In the graph below, I show drivers with at least one Cup Series win, but no season win as of race 20 in yellow. Drivers with no Cup Series wins are represented by blue.

A vertical bar chart showing the numbers of drivers yet to win each year from 2014-2022

The number of winning drivers yet to win a race in 2022 is about average, which means the pool of possible winners is comparable to previous years.

But because five drivers already earned their first Cup Series wins this year, 2022 offers the lowest number of opportunities for additional first-time-ever winners. I wouldn’t count out Ty Dillon or Corey LaJoie as contenders at the regular-season-ending Daytona race — especially if drivers get aggressive early and the DNF total climbs.

An underdog winner may move the regular-season-winner count higher, but remember that drivers outside the top 30 in points are not eligible for the playoffs.

Who is likely to win?

I haven’t yet mentioned a small, but by no means insignificant, group of possible winners: Part-time drivers who target races they have a realistic chance of winning. By small, I mean primarily A.J. Allmendinger.

The table below shows the 13 tracks that have hosted races number 21-26 in the last eight seasons.

  • A yellow square means the track hosted a race that year.
  • A red X means that the track produced a first-time winner that year.
  • I highlighted the names of tracks hosting this year’s final regular-season races in red.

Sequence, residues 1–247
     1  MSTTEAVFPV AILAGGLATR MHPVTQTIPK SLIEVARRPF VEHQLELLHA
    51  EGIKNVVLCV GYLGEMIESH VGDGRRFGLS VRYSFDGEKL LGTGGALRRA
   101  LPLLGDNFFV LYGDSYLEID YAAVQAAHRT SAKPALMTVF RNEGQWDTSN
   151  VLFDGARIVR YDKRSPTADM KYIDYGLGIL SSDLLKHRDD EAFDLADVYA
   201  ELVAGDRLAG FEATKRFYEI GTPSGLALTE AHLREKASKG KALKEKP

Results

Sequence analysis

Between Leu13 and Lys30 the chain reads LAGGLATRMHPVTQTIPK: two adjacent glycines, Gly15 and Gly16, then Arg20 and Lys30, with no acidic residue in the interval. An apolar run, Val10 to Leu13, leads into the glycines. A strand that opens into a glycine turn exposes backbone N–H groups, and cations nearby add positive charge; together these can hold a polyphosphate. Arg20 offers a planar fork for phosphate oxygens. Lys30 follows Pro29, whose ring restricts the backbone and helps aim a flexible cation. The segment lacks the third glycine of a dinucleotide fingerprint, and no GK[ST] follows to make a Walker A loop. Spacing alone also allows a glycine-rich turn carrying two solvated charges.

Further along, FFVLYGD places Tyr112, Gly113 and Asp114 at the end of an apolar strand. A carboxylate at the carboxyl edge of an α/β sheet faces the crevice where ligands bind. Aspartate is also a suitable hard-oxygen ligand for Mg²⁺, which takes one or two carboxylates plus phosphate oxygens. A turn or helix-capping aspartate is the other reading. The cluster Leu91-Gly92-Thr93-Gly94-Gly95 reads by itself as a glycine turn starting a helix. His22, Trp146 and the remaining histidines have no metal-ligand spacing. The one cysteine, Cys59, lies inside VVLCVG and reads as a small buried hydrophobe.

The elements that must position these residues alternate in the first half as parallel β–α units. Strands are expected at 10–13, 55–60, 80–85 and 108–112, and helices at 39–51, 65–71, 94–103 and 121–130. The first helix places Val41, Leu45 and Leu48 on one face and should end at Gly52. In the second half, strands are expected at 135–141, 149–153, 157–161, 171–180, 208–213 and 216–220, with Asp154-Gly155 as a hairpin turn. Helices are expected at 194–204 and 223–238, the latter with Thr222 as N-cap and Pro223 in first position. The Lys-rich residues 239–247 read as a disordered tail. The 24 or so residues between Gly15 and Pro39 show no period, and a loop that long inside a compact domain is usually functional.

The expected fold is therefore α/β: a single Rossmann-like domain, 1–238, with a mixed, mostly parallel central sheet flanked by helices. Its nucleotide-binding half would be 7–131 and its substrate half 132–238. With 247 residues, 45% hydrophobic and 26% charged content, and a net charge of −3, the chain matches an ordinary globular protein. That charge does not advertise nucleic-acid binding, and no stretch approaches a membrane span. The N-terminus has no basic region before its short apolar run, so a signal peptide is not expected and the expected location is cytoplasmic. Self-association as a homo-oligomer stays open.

In 2020, both Michigan and Dover hosted back-to-back races, which is why only four tracks are highlighted that year.

A table showing the tracks and new winners for the last six races of the regular season from 2014-2021

The last two columns show the number of new winners in the last six regular-season races, and the number of those winners who notched first-time ever wins.

In the last eight years, 13 drivers earned their first season win in races 21-26. Two of those wins were Allmendinger’s: At Watkins Glen in 2014 (when he ran full time) and last year, as the inaugural winner of the Indianapolis Grand Prix.

An Allmendinger win would move the total closer to the 16 winners threshold, but would not affect the playoffs. Allmendinger cannot earn points in the Cup Series this year.

The new winners from the last eight seasons came from 10 different tracks. Five of those tracks are included in the next six races of 2022. Pocono and Watkins Glen produced new winners about a third of the time. Daytona did so once out of two races, and Michigan once out of nine races. The Indianapolis road course is one for one.

The sixth track on this year’s schedule, Richmond, has not hosted a first-time winner at its fall race during this time frame, despite being the last regular season race five times.

The pessimist in me notes that six of the 13 new winners in the table were also first-time winners in the Cup Series. The ranks of the never-won drivers is way down this year, which means new winners must come from the veteran winners pool.

The optimist counters that this year is the first time we’ve have two road courses and a superspeedway in the last six regular season races under this playoff format. With half the remaining races at tracks conducive to new winners, the probability of seeing a new winner rises.

And, of course, there’s the Next Gen car, which has presented technical challenges, but also put some unexpected names at the front of recent fields. Both optimist and pessimist agree, however, that the numbers suggest that sixteen regular-season winners is well within reach.